I saw some hams on TV back in 1977, perhaps doing some emergency communications. Since I was already into shortwave radio, it seemed like the natural next step was to get an amateur license. (I had played around with CB radio as well, when someone brought a CB to school. But CB never quite had the attraction that ham radio did...
I was invited over to his house on August 25, 1978. I listened to him make a few calls, and we made plans for him to help me get my license. But, they never materialized. So I studied on my own for awhile, using books and code records from the local library...
In late 1979 we moved to another town. There were a few houses with ham towers around, and I occasionally saw a few hams in places like the flea market, the electronics stores, or even at church, but I never got to know any of them. (Once in a while, we would drive through the "old neighborhood" for one reason or another, and I remember seeing Harold's antennas until at least 1984 or so. I'm not exactly sure when he became a "Silent Key", but the W6QET call has been reassigned to the Los Angeles Amateur Radio Club as of November 1996.
In any event, other interests (computers, shortwave, music, etc) and the usual high school travails kept me away from pursuing the ham radio license back then.
At W6YRA, I was able to communicate long distances due to the excellent antenna system. I got out as far as Alaska, Argentina, and I even heard a station in India, but the band conditions were deteriorating, so I don't think he heard me...
In 1998, I used my train commute time to study for the General test and code. By December, I was able to pass both General written and 13-wpm code (boy did my arm hurt). A few months later, I passed the Advanced and Extra written sections (due to restructuring, I didn't have to pass the 20-wpm code!)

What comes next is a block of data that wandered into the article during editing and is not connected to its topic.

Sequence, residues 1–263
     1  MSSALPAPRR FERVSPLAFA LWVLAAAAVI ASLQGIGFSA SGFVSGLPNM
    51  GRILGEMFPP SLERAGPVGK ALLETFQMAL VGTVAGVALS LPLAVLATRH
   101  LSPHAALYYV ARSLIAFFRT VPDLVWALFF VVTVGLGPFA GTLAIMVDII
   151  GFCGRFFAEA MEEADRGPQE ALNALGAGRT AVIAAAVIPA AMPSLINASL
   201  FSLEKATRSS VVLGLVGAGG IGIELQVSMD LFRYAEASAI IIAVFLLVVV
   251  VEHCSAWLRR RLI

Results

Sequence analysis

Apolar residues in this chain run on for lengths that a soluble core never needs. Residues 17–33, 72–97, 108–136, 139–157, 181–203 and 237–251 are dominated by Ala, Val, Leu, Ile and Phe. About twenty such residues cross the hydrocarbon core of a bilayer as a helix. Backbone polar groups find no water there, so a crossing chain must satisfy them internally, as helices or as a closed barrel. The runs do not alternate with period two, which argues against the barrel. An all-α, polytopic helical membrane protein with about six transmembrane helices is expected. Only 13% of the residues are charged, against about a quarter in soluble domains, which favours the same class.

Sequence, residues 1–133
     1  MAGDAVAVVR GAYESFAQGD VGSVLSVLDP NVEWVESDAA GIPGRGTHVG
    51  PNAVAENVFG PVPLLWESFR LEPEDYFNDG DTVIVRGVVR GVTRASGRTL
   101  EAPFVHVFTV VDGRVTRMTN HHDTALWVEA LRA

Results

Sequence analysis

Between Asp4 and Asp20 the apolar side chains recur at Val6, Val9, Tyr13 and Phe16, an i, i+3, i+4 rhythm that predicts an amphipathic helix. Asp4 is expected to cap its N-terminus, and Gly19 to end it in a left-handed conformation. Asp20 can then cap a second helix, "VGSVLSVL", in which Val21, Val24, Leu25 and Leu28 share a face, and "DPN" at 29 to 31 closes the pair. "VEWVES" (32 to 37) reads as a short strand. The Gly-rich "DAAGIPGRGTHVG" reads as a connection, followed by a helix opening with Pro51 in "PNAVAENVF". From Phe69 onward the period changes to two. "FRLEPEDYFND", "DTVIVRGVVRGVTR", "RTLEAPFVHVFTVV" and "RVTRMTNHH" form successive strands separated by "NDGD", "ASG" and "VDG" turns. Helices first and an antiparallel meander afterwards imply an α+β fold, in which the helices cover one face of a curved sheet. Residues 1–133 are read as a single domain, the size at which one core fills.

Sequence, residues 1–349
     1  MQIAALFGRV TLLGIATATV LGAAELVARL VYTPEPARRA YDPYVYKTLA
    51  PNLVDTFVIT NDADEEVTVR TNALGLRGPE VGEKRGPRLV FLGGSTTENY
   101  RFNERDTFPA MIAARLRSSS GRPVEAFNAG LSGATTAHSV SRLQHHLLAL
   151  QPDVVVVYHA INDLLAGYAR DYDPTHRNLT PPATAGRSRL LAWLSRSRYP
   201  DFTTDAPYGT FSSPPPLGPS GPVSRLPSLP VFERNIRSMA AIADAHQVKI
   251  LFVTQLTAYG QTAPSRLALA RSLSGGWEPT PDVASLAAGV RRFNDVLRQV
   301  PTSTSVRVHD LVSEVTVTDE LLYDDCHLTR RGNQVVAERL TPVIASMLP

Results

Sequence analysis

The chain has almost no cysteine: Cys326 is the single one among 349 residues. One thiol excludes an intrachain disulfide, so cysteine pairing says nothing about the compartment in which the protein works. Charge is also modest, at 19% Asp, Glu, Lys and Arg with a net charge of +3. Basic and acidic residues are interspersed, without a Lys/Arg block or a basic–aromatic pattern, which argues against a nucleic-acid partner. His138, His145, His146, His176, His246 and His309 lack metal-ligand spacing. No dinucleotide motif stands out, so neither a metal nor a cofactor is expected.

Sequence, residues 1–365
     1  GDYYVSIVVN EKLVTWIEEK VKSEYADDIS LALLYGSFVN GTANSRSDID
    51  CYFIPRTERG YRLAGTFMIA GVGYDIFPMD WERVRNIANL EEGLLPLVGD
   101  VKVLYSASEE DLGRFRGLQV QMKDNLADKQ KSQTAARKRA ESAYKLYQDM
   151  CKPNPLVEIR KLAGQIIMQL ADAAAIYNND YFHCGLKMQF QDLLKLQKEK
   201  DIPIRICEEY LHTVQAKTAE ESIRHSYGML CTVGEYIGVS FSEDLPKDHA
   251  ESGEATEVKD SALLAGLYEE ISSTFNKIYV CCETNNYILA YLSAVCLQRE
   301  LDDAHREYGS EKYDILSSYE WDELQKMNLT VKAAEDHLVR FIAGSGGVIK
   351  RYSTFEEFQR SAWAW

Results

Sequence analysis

At that time, my real interest was packet radio, since it combined computers and ham radio in such a neat manner. Using the HT and TNC, I was able to access a few bulletin boards and other local packet users, mostly on 145.01 mHz. There was even a way to access European packet users, through what was called a "wormhole". But I was limited to indoor antennas and low power, so broken connections, and the occasional inability to connect at all, were constant frustrations. In late 1995, I moved far enough away that I could not reliably connect to the bulletin boards at all.
In late 1998 I bought an Alinco 2-meter hand-held and started getting
active on the local repeaters. In mid-2000, I finally made the "big
splurge"...an ICOM IC706MKIIG, along with an antenna tuner and a power
supply. I'm still limited to an indoor dipole for HF, but so far I've
contacted stations in New York and Florida (from Southern California)
I took a couple of tests with the
San Fernando Valley Amateur
back in 1990. But it wasn't until late 1994 when
I joined. Even then, I wasn't horribly active until late
1997, when I went to my first contest (the club had access to a
former Nike Missile site north of the San Fernando Valley, until 1999).
After that, I got more involved with club events (Picnic, Field Day,
other contests, etc).
Between 2000 and 2005, I became the editor of the SFVARC's newsletter,
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